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Whats Next For The Covid Economy?

Insights

The Basics

Since the advent of Covid-19, we, as a society, have been inundated with information about its spread and resulting effect on the global economy.  Data seems to suggest that we are nearing a peak of infection in many of the harder hit areas of the country, although, if you are working at a hospital in the Outer Boroughs of New York or Jersey City, New Jersey it probably doesn’t feel that way.  Regardless as to whether you trust the data, the Federal Government is issuing guidelines for reopening our economy and the states will be initiating those in some form.  Naturally, our thoughts will be turning from the current state of quarantine and general mitigation, to a somewhat vague notion of what our economy will look like post Covid.  

So Where Are We Now?

With respect to the stock market, the Dow Jones Industrial Average has now rallied back as much as 32% from its March 23 bottom of 18,213. Meanwhile, the S&P 500 has rallied 30% from its March 23 lows.  This is small consolation when assessed against the approximate 60% drop from our February highs but does give me some sense of optimism as we move towards opening the economy, combined with the potential for increased testing, treatment and a vaccine in the future.  There are still considerable headwinds as we look at the many knock-on effects of an economic shutdown.  With approximately 20 million Americans out of work and virus mitigation still in effect, the short term ramifications of demand destruction in the economy have been staggering.  Industries that rely on bringing people together i.e. Travel, Entertainment, Restaurant etc.. all stand to be severely impacted with the constraints of continued social distancing measures.  

Interest rates are near record lows as a result of the Federal Reserve lowering rates combined with investor’s flight to quality in buying US Treasuries.  Depending on where you stand financially, and the length of your planning horizon this can mean different things to different people.  Low interest rates tend to penalize savers that are in or near retirement, and looking to preserve capital.  For those looking to finance a house, car, or other investments,  lower interest rates may offer some opportunity.  

Where Are We Going?

I don’t think anyone can be certain of the medium to long-term effects of these challenges but, being an eternal optimist, I look for rays of hope in the distance.  

  • First, the magnitude of government stimulus and Federal Reserve intervention will continue to have an effect as the gears of the economy begin to turn.  While it’s likely the reopening of the economy will be slow, these stimulus measures will have a multiplier effect on each incremental move forward.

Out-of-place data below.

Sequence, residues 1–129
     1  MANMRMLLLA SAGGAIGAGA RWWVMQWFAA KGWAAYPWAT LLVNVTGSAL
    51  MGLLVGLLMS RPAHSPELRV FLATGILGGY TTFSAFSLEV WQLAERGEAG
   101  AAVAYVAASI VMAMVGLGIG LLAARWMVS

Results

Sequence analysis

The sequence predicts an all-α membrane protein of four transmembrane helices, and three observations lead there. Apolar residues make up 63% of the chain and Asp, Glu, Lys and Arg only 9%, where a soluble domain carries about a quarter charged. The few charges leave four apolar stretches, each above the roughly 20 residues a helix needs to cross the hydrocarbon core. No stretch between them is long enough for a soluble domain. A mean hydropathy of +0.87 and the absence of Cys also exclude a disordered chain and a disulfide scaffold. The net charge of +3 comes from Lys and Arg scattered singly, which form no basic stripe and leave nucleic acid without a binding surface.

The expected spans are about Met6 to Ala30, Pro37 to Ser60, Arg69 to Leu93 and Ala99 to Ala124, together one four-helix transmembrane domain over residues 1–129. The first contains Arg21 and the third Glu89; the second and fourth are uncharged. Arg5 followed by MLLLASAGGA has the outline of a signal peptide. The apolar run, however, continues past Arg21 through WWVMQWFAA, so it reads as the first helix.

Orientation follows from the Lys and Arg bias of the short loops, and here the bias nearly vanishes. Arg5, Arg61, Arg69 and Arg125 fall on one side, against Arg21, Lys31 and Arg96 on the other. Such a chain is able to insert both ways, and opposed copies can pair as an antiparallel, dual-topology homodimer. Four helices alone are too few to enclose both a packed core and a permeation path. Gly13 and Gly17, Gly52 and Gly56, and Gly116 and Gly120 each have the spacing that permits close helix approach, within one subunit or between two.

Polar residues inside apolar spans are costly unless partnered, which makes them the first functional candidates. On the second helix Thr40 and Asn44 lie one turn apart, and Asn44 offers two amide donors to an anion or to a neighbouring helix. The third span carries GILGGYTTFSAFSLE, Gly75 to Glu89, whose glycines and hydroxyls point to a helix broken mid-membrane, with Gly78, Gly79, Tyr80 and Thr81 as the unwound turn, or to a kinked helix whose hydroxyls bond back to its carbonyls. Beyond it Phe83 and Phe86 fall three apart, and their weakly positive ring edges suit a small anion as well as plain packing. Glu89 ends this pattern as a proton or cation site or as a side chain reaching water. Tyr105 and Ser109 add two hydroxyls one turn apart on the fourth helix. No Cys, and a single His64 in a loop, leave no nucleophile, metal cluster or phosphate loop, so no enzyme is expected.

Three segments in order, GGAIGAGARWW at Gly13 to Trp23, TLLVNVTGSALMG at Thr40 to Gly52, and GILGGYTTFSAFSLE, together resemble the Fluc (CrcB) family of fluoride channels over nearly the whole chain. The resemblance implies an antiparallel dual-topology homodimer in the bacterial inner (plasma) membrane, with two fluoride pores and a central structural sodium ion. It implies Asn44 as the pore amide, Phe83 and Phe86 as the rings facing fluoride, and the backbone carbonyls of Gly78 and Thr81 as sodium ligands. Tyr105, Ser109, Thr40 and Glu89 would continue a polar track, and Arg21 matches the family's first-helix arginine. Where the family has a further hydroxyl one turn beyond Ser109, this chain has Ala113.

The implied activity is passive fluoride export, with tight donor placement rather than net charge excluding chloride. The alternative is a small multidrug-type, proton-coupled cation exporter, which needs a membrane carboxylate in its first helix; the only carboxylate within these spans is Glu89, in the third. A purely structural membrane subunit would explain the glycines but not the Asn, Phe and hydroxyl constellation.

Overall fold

• Additionally, the pace of reopening will increase as our ability to test and treat Covid is enhanced.  The incentive to accomplish this feat, combined with the financial resources and technology being made available, lead me to believe that we stand to achieve superior results in relatively short order.  

  • My greatest hope is a rise in “animal spirits” with respect to the markets and economy as a whole.  Animal Spirits refers to market psychology concept that represents the collective hope and confidence, or fear and pessimism, that guides a population in their economic decisions.  It is a powerful force in economics that is difficult to quantify but quite real.  I believe that the level trauma and isolation caused by Covid will lead to a commensurate rebound effect on consumer demand.  As people are able to get back to work, interact, and heal,  increased consumer activity will expand in force.  This may be gradual at first, but will accelerate in intensity as we gain more confidence in our future.  

Why Am I So Optimistic 

Ultimately, I believe in the power of the human spirit in general and the ingenuity and adaptiveness of the American people in particular.  We have seen huge swaths of our population lean into each other for support.  The bravery of front line caregivers, the resilience of workers in essential businesses, and the willingness of the average person to adapt their lives to quarantine, all give me confidence that our society is strong enough meet the challenge of Covid.  We have all been learning hard lessons in what to value in our lives which will be the impetus to forge ahead to what I trust will be a bright future… With lots of hand washing.